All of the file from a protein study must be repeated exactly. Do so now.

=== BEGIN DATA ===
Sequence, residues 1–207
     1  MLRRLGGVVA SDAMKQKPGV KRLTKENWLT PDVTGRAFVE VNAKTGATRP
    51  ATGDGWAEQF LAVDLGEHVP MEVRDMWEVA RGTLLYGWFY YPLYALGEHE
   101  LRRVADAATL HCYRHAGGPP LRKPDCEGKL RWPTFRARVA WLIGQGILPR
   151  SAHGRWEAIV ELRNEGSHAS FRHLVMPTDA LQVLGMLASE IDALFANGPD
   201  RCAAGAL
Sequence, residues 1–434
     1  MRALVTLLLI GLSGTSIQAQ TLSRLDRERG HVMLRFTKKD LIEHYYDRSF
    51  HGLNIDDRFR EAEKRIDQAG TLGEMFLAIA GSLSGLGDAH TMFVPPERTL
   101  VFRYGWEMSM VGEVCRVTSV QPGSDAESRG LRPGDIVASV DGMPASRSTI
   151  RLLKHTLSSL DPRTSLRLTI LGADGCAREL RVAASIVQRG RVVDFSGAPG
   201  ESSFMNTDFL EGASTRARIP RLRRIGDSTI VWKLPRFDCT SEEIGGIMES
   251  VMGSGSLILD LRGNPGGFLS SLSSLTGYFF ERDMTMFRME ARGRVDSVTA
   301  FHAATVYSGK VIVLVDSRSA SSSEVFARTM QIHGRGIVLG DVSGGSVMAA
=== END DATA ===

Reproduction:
Sequence, residues 1–207
     1  MLRRLGGVVA SDAMKQKPGV KRLTKENWLT PDVTGRAFVE VNAKTGATRP
    51  ATGDGWAEQF LAVDLGEHVP MEVRDMWEVA RGTLLYGWFY YPLYALGEHE
   101  LRRVADAATL HCYRHAGGPP LRKPDCEGKL RWPTFRARVA WLIGQGILPR
   151  SAHGRWEAIV ELRNEGSHAS FRHLVMPTDA LQVLGMLASE IDALFANGPD
   201  RCAAGAL
Sequence, residues 1–434
     1  MRALVTLLLI GLSGTSIQAQ TLSRLDRERG HVMLRFTKKD LIEHYYDRSF
    51  HGLNIDDRFR EAEKRIDQAG TLGEMFLAIA GSLSGLGDAH TMFVPPERTL
   101  VFRYGWEMSM VGEVCRVTSV QPGSDAESRG LRPGDIVASV DGMPASRSTI
   151  RLLKHTLSSL DPRTSLRLTI LGADGCAREL RVAASIVQRG RVVDFSGAPG
   201  ESSFMNTDFL EGASTRARIP RLRRIGDSTI VWKLPRFDCT SEEIGGIMES
   251  VMGSGSLILD LRGNPGGFLS SLSSLTGYFF ERDMTMFRME ARGRVDSVTA
   301  FHAATVYSGK VIVLVDSRSA SSSEVFARTM QIHGRGIVLG DVSGGSVMAA